Rail-type holders 22, which are welded to control rod guide tubes 18 in order to fix in this manner the structural part 8 in the fuel assembly, are fixed to the outer webs 20. In this example, these are the control rod guide tubes 18 that are arranged at the corner points of a square inner region 24, which is emphasized by hatching and is defined by the control rod guide tubes 18, with all the control rod guide tubes 18 being located inside this inner region 24. Accordingly, the holders 22 extend only up to the control rod guide tubes 18 located at the corner points and are therefore shorter than the grid webs 10 illustrated in the figure. The holders 22 do not necessarily have to lead up to the control rod guide tubes 18 located at the corner points of the inner region 24, but can in principle also be welded to other control rod guide tubes 18 located at the edge or inside the inner region 24. One or more than two holders 22 can likewise be provided per outer web instead of two holders 22.
 In the exemplary embodiment according to FIG. 5, the holders 22 are designed as narrow web plates, which extend parallel to the hatched interior grid webs 10 at the edge of the inner region 24 and over the entire width of the fuel assembly, i.e. have the same longitudinal extent as the grid webs 10.
 In the exemplary embodiments according to FIGS. 4 and 5, owing to the structural parts 8, no cells which correspond to the cells 12 of the spacers are formed, through which in each case only one fuel rod 2 is guided.
 In the exemplary embodiment according to FIG. 6, in addition, inner webs 26, which are welded to one another, to the outer webs 20 and to the holders 22, which are likewise designed as web plates according to FIG. 5, and likewise produce a contiguous frame, which surrounds a squarer inner region of the fuel assembly, are provided with a spacing of in each case one row 14 or one column 16 and parallel to each outer web 20 which is arranged at the lateral edge of the fuel assembly. The holders 22 and the inner webs 26 form, in the corner regions of the fuel assembly, in each case four cells 27, through which a respective fuel rod is guided. The number of the cells 27 formed by the structural element 8 is here always significantly smaller than the total number of fuel rods in the fuel assembly in order to keep the flow resistance produced by the structural part 8 as low as possible.
 As an alternative to the embodiment shown in the figure, the inner webs 26 can also be combined with the short holders 22 from FIG. 4.
 In all exemplary embodiments, the number of the cells 27 which are located in one row 14 or column 16 and are formed by the structural element 8 is smaller than the number of the fuel rods which are in each case located in this row 14 or column 16. In other words, the number of the fuel rods 2, which are enclosed between outer web 20, inner web 26, if present, and holders 22, is significantly greater than the cells 27 which may be formed by the structural part 8.
 FIG. 7 shows that each outer web 20 of the structural part 8 shown in FIG. 4 is provided on its lower edge 28, i.e. its longitudinal side which during operation faces the upwardly flowing cooling water K, with deflector vanes 30 which point in the direction of the interior of the fuel assembly. These deflector vanes 30 project into intermediate spaces or gaps between the fuel rods 2 which are arranged at the edge of the fuel assembly. They are used to direct the cooling water K into a gap 32 formed by the outer webs 20 between neighboring fuel assemblies. The figure shows schematically the outer web 20 of a neighboring fuel assembly. FIG. 7 also shows that the outer web 20 is welded to a holder 22 in the form of a narrow plate on a control rod guide tube 18. The height of the plate is here preferably smaller than the height of the grid webs used in the spacers, so as to minimize the flow resistance produced owing to the additional structural parts with sufficient stability.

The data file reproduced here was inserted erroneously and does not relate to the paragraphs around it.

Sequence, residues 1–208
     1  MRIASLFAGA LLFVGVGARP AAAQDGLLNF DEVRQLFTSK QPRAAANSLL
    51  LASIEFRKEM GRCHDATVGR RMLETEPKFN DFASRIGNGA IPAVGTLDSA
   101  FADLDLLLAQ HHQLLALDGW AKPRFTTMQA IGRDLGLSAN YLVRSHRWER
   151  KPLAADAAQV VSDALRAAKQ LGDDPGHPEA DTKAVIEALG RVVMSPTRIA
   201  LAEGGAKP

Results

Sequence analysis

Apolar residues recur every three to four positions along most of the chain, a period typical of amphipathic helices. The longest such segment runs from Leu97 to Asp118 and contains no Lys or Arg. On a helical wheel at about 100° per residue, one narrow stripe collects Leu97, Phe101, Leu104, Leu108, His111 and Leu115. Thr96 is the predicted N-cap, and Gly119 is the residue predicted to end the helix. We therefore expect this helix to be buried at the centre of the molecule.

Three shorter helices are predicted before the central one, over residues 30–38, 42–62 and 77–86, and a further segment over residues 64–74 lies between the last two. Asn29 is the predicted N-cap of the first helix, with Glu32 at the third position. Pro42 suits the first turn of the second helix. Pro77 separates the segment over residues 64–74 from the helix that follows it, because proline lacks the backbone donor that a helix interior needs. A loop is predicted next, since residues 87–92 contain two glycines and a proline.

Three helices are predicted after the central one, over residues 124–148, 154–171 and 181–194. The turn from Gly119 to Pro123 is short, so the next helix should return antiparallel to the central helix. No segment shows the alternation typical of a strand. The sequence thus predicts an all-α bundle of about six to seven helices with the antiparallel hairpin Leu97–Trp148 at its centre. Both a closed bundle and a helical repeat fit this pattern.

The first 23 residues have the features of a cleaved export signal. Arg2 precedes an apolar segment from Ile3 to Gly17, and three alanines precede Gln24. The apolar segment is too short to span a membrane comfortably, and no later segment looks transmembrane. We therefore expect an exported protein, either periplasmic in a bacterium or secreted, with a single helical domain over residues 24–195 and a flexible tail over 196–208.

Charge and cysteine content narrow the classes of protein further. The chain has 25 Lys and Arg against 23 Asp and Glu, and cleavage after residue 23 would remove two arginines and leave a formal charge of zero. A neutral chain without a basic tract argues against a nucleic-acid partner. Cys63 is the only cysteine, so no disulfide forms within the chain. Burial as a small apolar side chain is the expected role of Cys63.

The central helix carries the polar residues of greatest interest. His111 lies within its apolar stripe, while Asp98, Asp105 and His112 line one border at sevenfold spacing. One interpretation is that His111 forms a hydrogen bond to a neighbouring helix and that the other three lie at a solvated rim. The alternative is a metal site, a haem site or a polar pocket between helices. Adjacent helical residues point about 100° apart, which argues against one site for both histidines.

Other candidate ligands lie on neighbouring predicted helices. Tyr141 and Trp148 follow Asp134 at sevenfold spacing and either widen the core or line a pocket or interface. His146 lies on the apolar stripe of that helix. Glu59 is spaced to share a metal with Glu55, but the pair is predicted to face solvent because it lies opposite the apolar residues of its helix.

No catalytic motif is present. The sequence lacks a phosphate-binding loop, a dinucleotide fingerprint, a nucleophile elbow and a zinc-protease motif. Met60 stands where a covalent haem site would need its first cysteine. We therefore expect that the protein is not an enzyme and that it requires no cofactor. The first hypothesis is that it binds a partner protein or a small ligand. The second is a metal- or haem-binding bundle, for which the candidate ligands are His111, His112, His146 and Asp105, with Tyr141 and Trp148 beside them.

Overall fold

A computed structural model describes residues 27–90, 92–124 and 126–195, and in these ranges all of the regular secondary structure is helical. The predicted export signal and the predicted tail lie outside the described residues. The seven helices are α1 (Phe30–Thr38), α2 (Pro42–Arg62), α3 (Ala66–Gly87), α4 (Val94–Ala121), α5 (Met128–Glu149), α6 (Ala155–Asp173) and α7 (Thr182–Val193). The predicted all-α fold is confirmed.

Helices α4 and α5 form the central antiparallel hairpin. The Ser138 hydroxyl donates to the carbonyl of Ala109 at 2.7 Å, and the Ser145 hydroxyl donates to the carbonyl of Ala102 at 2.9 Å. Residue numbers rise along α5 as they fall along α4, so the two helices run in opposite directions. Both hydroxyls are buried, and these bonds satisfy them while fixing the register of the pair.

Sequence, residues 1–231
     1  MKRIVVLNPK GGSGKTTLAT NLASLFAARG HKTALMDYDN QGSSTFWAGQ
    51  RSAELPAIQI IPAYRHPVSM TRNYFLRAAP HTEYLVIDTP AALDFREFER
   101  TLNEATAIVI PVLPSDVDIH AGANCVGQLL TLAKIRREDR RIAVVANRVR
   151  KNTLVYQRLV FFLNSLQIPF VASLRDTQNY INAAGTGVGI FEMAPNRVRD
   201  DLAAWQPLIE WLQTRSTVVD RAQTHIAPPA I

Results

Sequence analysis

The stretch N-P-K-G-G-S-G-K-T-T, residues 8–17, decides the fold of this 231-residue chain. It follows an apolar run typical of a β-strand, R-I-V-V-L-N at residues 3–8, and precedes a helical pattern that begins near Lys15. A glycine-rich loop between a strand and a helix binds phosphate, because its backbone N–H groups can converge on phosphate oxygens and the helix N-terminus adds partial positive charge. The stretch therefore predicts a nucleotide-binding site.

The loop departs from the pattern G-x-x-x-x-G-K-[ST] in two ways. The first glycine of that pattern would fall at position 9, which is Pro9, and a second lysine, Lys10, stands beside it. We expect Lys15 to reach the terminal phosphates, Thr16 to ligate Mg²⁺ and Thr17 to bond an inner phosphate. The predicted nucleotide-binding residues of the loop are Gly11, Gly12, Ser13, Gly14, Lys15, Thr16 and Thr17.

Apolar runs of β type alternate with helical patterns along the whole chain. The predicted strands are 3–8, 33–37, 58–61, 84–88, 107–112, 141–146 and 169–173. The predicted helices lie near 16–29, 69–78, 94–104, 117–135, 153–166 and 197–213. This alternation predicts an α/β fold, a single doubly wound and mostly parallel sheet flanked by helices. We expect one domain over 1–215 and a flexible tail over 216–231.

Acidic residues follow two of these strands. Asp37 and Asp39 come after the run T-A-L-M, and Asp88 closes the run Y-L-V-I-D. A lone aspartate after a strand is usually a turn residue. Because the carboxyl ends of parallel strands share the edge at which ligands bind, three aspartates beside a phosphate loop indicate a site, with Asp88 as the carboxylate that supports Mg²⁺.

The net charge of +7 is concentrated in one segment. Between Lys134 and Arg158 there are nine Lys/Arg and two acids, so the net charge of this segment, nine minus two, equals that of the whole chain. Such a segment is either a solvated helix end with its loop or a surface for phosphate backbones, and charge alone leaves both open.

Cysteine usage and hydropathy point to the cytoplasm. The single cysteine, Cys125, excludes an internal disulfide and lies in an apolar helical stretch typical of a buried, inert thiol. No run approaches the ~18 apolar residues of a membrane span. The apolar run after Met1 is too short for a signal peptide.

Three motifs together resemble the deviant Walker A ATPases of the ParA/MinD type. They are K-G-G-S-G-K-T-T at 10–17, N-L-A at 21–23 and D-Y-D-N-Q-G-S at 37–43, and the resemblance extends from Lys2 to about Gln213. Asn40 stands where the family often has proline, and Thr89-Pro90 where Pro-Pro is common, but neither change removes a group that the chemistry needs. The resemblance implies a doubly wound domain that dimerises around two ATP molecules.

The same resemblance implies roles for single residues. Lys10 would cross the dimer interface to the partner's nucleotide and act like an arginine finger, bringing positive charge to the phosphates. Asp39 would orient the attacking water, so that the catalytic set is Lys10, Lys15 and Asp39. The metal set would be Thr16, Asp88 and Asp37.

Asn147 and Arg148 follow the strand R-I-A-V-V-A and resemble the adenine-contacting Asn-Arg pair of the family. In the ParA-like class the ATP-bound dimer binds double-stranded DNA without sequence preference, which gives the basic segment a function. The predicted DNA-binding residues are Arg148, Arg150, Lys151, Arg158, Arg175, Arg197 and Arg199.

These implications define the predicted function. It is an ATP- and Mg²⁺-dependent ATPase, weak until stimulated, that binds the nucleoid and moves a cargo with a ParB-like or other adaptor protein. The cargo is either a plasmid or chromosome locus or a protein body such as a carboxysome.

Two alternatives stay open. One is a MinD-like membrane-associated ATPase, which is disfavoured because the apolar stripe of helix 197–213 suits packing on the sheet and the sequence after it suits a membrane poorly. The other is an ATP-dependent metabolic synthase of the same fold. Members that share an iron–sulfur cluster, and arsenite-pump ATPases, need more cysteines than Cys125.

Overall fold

The upper longitudinal side of the outer web 20 is preferably provided, just as the lower longitudinal side, with inwardly directed vanes 34 which are used, in contrast with the lower deflector vanes 30, primarily as slide slopes for facilitating installation of the fuel assemblies into the core and removal therefrom.
 In the plan view of an outer web 20 according to FIG. 8, it can be seen that the deflector vanes 30 and vanes 34 arranged on the longitudinal sides have a trapezoid-like shape.
 FIG. 9 shows that the inner web 26 next to the outer web 20 in the exemplary embodiment according to FIG. 6 is on its lower longitudinal side likewise provided with deflector vanes 30 which point into the interior of the fuel assembly.
 The height H1 of the outer web 20 is preferably smaller than the height H2 of the inner web 26. The differences in height are matched to one another with the dimensions and inclination angles α of the deflector vanes 30 such that they are located approximately in a common plane in order to effect in this manner efficient deflection of the cooling water K approaching from below into the gap that is located between outer webs 20 of neighboring fuel assemblies.
 Both the outer webs 20 and the inner webs 26 are in each case identical in terms of design and are configured in mirror-symmetrical fashion with respect to a center plane of the fuel assembly which extends in the axial direction, with the result that the transverse forces exerted thereby on the fuel assembly owing to deflection of the cooling water which is approaching from below cancel each other out if the flow conditions are identical on all sides of the fuel assembly.